Korma (sometimes spelled kormaa, qorma, kavurma, khorma, or kurma) is a dish originating in Central Asia or Western Asia which can be made with yoghurt, cream, nut and seed pastes or coconut milk; it is usually considered a type of curry.
Korma is a characteristic Indian dish which can be traced back to the 16th century. Classically, a korma is defined as a dish where meat or vegetables are braised with water, stock, and yoghurt or cream. The technique covers many different styles of korma.
The flavour of a korma is based on a mixture of spices, including ground coriander and cumin, combined with yoghurt kept below curdling temperature and incorporated slowly and carefully with the meat juices. A korma can be mildly spiced or fiery and may use lamb, chicken, beef, game or, more rarely, pork; some kormas combine meat and vegetables such as spinach and turnip. The term Shahi (English: Royal), used for some kormas indicates its status as a prestige dish, rather than an everyday meal, and its association with the court.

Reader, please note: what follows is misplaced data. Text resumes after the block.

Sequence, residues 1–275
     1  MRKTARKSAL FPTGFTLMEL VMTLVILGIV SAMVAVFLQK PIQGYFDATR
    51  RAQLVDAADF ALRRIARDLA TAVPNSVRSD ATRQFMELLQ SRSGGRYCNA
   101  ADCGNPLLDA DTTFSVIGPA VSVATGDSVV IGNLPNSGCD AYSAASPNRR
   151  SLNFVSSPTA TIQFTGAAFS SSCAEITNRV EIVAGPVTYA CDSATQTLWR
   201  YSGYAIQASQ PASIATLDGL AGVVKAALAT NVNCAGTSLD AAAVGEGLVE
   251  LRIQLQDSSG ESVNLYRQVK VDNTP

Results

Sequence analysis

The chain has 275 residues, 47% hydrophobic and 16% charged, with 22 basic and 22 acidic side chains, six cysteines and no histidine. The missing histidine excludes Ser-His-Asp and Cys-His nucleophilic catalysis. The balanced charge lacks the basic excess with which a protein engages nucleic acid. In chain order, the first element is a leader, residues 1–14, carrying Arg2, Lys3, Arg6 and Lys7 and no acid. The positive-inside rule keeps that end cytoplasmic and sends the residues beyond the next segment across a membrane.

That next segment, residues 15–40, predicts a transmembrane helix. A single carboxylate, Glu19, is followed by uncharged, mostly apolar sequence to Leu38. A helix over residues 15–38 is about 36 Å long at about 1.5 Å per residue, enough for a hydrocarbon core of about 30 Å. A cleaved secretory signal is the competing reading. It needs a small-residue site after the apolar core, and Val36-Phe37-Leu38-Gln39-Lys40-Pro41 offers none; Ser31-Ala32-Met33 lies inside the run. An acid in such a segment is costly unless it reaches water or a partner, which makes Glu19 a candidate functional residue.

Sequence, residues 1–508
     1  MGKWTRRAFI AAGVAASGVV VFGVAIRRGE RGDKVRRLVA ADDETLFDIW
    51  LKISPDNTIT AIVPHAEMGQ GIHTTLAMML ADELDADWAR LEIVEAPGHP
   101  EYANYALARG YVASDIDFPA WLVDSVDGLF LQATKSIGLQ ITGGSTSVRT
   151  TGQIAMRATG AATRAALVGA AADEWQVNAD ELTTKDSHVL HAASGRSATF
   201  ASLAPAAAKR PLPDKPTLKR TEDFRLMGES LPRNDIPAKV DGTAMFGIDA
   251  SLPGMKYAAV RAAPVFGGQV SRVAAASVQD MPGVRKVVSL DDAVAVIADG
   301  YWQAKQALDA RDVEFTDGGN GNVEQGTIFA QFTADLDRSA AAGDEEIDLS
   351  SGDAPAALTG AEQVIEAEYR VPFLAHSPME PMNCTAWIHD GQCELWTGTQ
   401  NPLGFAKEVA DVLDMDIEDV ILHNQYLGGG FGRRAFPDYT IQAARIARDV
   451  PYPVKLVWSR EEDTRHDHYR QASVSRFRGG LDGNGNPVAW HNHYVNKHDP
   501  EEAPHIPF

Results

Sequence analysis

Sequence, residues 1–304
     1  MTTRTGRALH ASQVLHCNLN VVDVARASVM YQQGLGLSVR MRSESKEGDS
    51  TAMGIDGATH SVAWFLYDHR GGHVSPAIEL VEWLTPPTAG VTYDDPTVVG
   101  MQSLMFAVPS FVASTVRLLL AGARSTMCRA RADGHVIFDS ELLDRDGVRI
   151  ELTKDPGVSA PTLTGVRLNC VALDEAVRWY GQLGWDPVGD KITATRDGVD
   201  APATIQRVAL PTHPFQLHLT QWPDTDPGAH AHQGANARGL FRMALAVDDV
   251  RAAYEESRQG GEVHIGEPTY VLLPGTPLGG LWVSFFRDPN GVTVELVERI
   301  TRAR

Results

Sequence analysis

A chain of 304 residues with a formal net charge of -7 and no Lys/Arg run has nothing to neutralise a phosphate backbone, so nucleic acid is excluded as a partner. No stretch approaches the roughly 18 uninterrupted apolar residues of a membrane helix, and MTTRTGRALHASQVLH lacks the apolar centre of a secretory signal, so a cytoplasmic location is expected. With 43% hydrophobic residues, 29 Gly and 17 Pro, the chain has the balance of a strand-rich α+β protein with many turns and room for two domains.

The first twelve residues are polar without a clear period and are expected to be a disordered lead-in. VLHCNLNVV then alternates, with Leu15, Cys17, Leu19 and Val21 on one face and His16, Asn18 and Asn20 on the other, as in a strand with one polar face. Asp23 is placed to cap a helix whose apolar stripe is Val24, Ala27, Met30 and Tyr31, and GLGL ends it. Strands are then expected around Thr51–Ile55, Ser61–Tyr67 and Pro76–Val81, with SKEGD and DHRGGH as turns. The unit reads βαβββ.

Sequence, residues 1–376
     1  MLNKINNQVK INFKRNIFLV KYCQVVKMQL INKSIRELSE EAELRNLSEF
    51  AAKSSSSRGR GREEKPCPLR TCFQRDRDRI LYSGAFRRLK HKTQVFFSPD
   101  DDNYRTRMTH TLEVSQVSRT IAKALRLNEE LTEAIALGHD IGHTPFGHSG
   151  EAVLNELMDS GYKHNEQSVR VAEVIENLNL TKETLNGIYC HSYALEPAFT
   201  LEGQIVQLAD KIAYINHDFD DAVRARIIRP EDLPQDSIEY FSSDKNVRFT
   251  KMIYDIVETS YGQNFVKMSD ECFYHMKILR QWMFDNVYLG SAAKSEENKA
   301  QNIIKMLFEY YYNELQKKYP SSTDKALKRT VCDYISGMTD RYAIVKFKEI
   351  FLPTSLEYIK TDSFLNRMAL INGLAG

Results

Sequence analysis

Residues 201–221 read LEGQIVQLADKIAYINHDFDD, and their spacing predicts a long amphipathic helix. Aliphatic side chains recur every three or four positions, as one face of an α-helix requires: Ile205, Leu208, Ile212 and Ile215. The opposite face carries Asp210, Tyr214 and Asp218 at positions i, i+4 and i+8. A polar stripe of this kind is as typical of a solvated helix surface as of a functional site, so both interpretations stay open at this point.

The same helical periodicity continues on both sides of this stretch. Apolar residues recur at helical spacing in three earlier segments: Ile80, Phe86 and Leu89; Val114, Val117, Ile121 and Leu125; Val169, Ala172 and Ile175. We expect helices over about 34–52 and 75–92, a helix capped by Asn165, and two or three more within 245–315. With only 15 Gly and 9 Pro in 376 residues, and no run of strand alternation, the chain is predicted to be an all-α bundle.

Both vegetarian and non-vegetarian kormas exist. Vegetarian korma is known as Navratan korma made with vegetables and either paneer (cottage cheese) or nuts - or sometimes both. Navratan means nine gems, and it is common for the recipe to include nine different vegetables.
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Chicken Korma Recipe, www.jamieoliver.com
Chicken Korma, allrecipes.com